Tagged: Percolator troubleshooting
February 20, 2019 at 9:32 am #10422
I’m starting this thread to help troubleshoot a customer’s Percolator. He contacted us outside this forum about his build issue…i’m re-posting it here.
“Hi, I’m enjoying putting the head together to match the cab. I finished up the soldering today, but the amp isn’t working. I was able to power it up (LED goes on) but I’m getting some voltage abnormalities I’m hoping you can help me with. I went through the checklist in the manual and am getting high or no voltages. For instance, TP1 189, TP4 189, TP9 179, TP11 179. I’m most concerned that TP7 = 0 volts, and TP5 = 0 volts. I went back and checked every and it appear I got everything right. I touched up some solder points, plugged it back in and got nothing. The LED no longer turns on and I am not getting any voltage at the power receptacle with the amp turned off. It also sparked at the lug on the power receptacle where the ground is attached. Please help! I have attached photos for reference. Thanks!”
“Just a quick follow-up. The fuse is blown and I retested the resistance. R1 and R7, which are both supposed to be 1k5 are only .75k each. R4 is 838R not 820R as posted. However, even replacing the fuse I don’t think solves the initial issues I had. Thanks again for the assistance!”
February 20, 2019 at 9:53 am #10423
Thanks for the photos. It’s always helpful to get a visual of what we’re talking about.
R1 and R7 are basically in parallel with each other so they should measure around 750 ohms each. And that’s fine if R4 is a few ohms off, it’s still within a it’s 5% tolerance.
You said it sparked at the ground terminal, but can you tell where it sparked to? There was/is some short of short against the ground terminal there….was a strand of wire touching it somehow? It’s important to know why that happened so you can ensure it won’t happen again. Please replace the fuse with a 1 amp / 250V fast blow fuse….nothing bigger!
The voltages you shared from your test points indicate that the tube isn’t installed…is it? If it is, then please tighten
all the tube sockets to ensure all the pins are making good contact.
Keep me posted on your progress.
-BrachFebruary 20, 2019 at 11:38 am #10430DanielGuest
Thanks for the response, Brach. It just sparked on the ground lug only – it didn’t notice to spark to anywhere else. The tube is installed. I’ll try tightening the sockets. The tube definitely heated up, but perhaps I loosened the contacts too much when I installed it. I’ll replace the fuse this evening and let you know how it works. Thanks!February 20, 2019 at 12:44 pm #10433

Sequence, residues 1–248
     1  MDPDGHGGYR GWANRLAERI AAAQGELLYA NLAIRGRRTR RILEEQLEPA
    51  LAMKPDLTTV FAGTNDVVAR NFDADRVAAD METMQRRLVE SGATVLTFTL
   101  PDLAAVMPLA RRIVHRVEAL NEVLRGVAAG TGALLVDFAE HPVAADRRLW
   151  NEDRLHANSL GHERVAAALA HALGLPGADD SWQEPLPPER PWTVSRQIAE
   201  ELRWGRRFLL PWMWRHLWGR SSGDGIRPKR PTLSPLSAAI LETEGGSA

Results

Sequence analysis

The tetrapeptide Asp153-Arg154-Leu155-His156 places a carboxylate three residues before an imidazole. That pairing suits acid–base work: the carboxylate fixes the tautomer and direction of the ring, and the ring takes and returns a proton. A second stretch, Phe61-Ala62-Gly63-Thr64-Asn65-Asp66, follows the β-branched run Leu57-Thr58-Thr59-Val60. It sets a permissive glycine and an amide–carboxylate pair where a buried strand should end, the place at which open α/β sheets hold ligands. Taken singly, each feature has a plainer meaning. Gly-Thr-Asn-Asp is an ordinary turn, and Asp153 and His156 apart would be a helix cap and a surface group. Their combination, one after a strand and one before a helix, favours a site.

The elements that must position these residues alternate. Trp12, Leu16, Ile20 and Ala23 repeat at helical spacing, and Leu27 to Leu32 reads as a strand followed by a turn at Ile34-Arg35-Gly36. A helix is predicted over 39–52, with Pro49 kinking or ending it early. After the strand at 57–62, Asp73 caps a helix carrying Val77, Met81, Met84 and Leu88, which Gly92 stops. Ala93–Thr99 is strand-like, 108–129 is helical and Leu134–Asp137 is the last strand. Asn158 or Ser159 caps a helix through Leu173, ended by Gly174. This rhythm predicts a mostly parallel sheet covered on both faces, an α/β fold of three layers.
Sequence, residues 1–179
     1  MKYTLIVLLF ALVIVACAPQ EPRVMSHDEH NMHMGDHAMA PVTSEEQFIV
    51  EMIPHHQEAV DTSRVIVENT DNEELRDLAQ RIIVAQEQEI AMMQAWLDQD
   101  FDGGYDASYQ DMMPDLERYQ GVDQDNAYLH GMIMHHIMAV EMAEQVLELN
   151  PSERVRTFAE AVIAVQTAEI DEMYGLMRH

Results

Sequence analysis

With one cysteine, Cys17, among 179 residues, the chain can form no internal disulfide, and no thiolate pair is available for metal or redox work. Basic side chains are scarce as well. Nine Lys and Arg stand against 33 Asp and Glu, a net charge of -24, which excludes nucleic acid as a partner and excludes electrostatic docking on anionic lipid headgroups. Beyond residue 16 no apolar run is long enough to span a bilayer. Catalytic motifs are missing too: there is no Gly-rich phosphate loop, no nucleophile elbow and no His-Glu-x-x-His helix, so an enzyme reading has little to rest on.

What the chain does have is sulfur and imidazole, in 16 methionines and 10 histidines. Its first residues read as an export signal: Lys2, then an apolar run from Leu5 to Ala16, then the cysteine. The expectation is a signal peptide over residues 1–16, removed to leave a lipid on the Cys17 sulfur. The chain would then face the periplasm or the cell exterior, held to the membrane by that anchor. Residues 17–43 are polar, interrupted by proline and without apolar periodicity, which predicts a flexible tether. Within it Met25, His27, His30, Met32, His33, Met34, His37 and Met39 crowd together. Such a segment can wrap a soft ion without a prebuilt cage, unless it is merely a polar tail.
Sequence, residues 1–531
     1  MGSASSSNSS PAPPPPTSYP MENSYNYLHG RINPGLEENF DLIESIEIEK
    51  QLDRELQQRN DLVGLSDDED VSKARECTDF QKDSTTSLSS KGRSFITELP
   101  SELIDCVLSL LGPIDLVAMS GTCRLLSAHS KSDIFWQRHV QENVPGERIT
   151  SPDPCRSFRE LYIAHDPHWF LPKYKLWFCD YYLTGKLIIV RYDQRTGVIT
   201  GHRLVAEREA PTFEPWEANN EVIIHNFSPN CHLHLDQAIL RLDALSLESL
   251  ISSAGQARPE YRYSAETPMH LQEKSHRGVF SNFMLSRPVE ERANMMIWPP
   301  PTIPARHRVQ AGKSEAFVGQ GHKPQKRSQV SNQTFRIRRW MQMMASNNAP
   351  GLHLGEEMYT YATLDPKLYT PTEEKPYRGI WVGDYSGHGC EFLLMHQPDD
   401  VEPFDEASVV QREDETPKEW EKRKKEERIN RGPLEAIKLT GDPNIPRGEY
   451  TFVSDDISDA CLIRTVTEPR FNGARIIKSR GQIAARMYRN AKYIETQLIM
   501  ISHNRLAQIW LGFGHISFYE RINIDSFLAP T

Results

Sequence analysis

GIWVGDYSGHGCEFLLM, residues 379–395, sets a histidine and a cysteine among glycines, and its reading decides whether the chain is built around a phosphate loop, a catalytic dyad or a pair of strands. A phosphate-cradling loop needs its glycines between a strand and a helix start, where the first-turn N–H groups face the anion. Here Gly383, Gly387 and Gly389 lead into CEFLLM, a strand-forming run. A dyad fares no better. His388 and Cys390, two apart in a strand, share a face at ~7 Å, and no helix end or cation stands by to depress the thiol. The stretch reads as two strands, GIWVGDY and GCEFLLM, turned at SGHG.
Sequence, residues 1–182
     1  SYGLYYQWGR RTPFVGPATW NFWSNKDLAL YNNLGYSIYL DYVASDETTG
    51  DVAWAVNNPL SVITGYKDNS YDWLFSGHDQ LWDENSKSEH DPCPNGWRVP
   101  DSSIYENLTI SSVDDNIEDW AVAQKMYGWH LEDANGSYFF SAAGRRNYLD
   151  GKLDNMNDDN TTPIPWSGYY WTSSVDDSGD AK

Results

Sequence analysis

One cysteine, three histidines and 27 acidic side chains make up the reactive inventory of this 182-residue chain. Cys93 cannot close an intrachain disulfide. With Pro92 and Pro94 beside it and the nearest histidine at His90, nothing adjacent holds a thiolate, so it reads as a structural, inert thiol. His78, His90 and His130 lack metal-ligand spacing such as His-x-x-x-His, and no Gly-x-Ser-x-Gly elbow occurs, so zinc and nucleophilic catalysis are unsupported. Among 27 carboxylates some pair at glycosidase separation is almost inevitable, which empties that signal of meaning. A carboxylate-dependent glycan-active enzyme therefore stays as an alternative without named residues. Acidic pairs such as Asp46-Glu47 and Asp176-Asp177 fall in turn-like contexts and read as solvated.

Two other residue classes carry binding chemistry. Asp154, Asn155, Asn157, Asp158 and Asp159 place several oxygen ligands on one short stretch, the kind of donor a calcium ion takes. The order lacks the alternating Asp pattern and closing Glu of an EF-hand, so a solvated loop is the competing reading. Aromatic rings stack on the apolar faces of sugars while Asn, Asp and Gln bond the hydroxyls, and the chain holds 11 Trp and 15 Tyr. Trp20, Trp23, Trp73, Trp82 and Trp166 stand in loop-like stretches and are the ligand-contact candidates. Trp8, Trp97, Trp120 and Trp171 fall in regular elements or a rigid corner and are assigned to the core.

If you can’t figure out where the current in the spark went to then double and triple check under the board and all around for any stray wires or tiny solder balls or anything that could cause something like that. That’s probably not something you want happening very often. As I understand it, the amp was on for a while before the fuse blew. Is this correct?
It sounds like your problem is the tube socket pins are too loose. If it was making contact you should be getting at least some voltages on the cathodes of those tube sections (TP5 and 7).
Keep me posted.
PS make sure you clean the black burnt area on the board and IEC jack…it’s conductive and cause arcing in the future. Rubbing alcohol on a q-tip works pretty well for this.February 20, 2019 at 6:41 pm #10466DanielGuest
It was the tube sockets. Once I tightened those up, the amp works! The only thing that is not working is the LED. It is reading about 12 volts, which is way off. I re-soldered it, but it’s still around 12 volts.February 21, 2019 at 7:30 am #10502
That’s great that it’s working now!
Are you saying that TP3 has 12v on it? If so, it appears the LED has been damaged…probably by the spark. It needs to be replaced. You might also want to check TP2. Also check to see if there is any AC voltage on TP2. It’s good to make sure other components weren’t damaged as well.
Here’s a method that makes it easier to replace the LED with out removing the board… Clip the old LED off at the board and mount the new LED in the chassis socket and run jumper wires down to the pads on the board. To do this, cut the new LED’s leads fairly short and bend little hooks in them. Bend hooks in the jumper wires too. Hook the two hooks together (the LED lead hook and the wire hook) and bend them together with your pliers and then solder over the connection. You can use some hot glue or something to affix the LED to the chassis if it needs it.
Let me know if you have any questions.
-BrachFebruary 21, 2019 at 6:09 pm #10523DanielGuest
Works great. Thanks for the help! I sent along some pics through the reverb messages.February 22, 2019 at 8:46 am #10545
I’m glad to hear that!
The amp and cabinet look great! Good work! Thanks for the pictures.